You may not have realized that the Sermon on the Mount was for national Israel, not Christians. Now that I have your attention…
IT’S WORTH CONSIDERING
Israel’s Sermon on the Mount
There is an unjustified tendency to assume that because something is in the Bible, it applies directly to us. This is wrong on multiple levels. One is prideful. We think everything is about us. The other is due to a failure to rightly divide the Word of truth. We just don’t want to take the time to learn who the passage or section is addressing. Since roughly 80% of the Bible addresses Israel in some way, the opportunities to mis-apply passages meant only for Israel abound.
Through the years, man has seized every conceivable opportunity to mis-apply Scripture resulting in grave consequences. Jesus’ message known as the Sermon on the Mount is a prime example. This message is included in the book of Matthew, which is addressed to the Jews who were still under the Law. Keep in mind that there was no indwelling Holy Spirit and no identification with Christ’s death and resurrection on the part of those who believed in Jesus. Let that sink in.
“Blessed are the meek, for they shall inherit the earth” (v. 5). For Christians under grace, meekness is a gift from the Spirit (Gal.5:23), and is never rewarded. While the meek in the kingdom of heaven (Israel’s Millennial Kingdom) will inherit the earth, the believer has an inheritance incorruptible, and undefiled that will never fade away, reserved in heaven” (1 Pet. 1:4).
“Blessed are they which do hunger and thirst after righteousness: for they shall be filled” (v. 6). The Christian may crave a closer walk with the Father; but he has already become the righteousness of God in Christ” (2 Cor.5:21).
Blessed are the merciful: for they shall obtain mercy” (vs. 7). In Israel’s Millennial Kingdom, mercy from God will depend wholly on the exercise of mercy toward others. This is pure law. Under grace, the Christian is urged to be merciful, as one who has already obtained mercy (Titus 3:5).
AS I SEE IT
By comparing these three kingdom blessings to Christian blessings, four stark differences are revealed:
- While kingdom blessings are earned, Christian blessings are freely given by grace.
- Everything that is demanded under the law of the kingdom as a condition of blessing is divinely provided by God’s grace to all believers in Jesus.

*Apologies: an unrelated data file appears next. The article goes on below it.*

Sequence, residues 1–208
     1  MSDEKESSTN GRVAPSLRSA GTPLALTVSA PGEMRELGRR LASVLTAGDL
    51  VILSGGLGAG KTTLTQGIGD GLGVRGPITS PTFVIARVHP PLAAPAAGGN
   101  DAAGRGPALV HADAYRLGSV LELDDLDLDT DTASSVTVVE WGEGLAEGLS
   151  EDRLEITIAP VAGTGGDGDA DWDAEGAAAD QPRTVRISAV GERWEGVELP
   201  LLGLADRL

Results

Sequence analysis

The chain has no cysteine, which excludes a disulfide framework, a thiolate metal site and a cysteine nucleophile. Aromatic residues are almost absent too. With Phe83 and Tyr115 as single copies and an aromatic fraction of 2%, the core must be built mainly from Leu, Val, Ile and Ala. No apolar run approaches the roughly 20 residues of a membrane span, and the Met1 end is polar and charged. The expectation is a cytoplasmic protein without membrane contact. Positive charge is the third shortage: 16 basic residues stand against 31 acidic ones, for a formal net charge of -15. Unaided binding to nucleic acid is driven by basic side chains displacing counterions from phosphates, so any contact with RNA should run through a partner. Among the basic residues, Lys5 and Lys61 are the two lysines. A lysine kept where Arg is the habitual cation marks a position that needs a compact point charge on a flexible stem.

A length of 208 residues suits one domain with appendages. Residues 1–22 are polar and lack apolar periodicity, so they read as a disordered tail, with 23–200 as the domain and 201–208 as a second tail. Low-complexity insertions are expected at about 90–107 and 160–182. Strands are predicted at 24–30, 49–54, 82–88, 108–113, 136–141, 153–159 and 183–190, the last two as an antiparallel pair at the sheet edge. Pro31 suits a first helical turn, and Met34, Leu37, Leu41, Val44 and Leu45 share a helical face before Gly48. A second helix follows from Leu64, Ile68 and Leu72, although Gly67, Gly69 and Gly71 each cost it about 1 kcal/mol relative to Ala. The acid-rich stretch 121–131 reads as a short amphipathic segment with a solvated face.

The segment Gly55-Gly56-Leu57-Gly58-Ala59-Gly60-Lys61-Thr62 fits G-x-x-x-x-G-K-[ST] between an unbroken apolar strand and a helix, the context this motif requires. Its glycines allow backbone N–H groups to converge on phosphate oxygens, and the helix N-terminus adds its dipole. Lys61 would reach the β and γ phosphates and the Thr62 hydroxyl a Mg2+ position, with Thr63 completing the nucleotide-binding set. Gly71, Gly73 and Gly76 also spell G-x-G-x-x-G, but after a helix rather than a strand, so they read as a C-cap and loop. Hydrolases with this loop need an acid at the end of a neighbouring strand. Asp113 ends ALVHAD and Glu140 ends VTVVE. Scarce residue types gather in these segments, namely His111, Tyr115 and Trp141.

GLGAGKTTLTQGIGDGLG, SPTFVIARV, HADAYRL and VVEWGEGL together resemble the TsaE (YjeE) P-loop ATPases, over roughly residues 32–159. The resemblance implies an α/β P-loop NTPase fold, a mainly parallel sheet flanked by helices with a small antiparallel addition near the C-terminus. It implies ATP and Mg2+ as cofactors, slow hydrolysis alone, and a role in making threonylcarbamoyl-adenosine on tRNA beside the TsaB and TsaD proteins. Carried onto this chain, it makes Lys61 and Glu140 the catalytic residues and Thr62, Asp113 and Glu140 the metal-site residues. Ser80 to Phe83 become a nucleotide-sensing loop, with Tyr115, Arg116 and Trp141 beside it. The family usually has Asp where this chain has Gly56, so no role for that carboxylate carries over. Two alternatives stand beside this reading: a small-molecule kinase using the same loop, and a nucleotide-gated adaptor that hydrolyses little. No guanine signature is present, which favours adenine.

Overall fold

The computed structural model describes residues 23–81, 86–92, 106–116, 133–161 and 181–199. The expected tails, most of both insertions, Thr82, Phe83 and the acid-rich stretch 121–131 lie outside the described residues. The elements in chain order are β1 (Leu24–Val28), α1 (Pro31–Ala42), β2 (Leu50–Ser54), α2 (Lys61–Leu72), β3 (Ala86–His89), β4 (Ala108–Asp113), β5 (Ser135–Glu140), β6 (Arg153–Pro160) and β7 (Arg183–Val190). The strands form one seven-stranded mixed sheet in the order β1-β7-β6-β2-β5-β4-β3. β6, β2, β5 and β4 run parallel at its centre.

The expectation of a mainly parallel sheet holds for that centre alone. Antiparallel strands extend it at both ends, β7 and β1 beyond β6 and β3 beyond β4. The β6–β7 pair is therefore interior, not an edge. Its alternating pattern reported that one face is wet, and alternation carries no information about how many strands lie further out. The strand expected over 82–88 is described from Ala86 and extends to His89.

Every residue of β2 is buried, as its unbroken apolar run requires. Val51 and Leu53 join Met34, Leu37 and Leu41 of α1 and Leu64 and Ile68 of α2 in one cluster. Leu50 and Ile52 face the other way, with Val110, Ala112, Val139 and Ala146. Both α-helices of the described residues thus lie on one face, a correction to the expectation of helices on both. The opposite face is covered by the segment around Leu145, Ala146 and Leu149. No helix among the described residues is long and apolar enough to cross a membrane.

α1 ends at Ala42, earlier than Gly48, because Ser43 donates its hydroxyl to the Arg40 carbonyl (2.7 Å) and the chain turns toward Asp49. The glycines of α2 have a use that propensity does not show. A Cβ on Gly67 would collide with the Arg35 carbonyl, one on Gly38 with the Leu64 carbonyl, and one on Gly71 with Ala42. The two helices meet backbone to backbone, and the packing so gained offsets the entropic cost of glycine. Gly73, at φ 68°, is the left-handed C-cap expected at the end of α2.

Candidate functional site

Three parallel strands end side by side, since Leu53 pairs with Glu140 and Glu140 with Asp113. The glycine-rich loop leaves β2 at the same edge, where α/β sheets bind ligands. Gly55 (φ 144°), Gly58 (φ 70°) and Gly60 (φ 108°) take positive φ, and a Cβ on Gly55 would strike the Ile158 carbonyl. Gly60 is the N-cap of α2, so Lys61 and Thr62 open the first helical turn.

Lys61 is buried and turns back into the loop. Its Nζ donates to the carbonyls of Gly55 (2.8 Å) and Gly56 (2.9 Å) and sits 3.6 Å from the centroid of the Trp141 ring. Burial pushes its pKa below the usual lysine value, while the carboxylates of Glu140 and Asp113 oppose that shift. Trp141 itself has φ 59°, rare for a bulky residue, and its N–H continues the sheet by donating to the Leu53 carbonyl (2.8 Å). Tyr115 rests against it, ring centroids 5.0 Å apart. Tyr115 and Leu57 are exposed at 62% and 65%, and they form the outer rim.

- All the blessings in the kingdom don’t come close to the superabundant fruit of the Spirit—love, joy, peace, longsuffering, gentleness, goodness, faithfulness, meekness, self-control (Gal. 5:22, 23).
- The merit-based blessings under the kingdom shall be in the future. For the Christian now living under grace, the fruit of the Spirit is a present possession made available by simply walking in the Spirit—a far cry from legalistic works.
So, what are Christians to do passages like these? Do we ignore them as being not for us, or is there still something here for us? It seems to me that since this sermon is included in The Gospel according to Matthew, we must discern between Jesus’ gospel message to the Jews of His day, and His descriptions of life in Israel’s Millennial Kingdom. While Jesus was describing life in the coming kingdom, those Jews in the audience should have realized that Israel’s attempts to obey God’s Law had failed miserably, and Jesus’ message that day raised the bar even higher. They should have cried out, “This is too much. We can’t do it!” Jesus would have replied, “You’re absolutely right. This is what I’ve been waiting to hear. I’ve done it all for you. Just come unto Me and be saved.”
These Jews should have realized that the one standing before them was the one spoken of by all the prophets as they testified that forgiveness of sins would come through faith in Jesus Christ (Acts 10:43; Rom. 3:21-25). While Jesus was presenting “life in the kingdom” (for national Israel), He was offering salvation to the individual Jews sitting on that hillside simply by believing in Him. Everything they had desired was standing before them. They could be saved by responding to the same gospel that would be offered to the Gentiles.
The gospel (the message of their Messiah) had always been available to them, but they had their own ideas of what the Messiah would be like. When He came as a suffering servant, they were expecting a conquering king, so they missed Him. Their view of God was also faulty. While He had been drawing them to Himself and His righteousness, they preferred a religion of rules and sought a righteousness of their own. They should have learned that righteousness has always been based on faith, not works (Genesis 15:6; Habakkuk 2:4).
So, here’s what I believe we Christians can learn from studying the Sermon on the Mount. If we set aside the merit-based requirements, what we’re left with is a picture of what will happen in each of us after we have truly become Christ’s bond-slave, having received from our Master a disposition exactly like His. Since Jesus is the only one who can fulfill the Sermon on the Mount, everything within us must be of Him. He is the only one who can love His enemy, go the extra mile, or turn the other cheek with no trace of resentment. He must be our life.
I hope this gives you a new perspective as you seek to understand what God is saying to you through His Word. It certainly has changed the way I approach Scripture.
ON THE LIGHTER SIDE
If you can’t be kind, at least have the decency to be vague.
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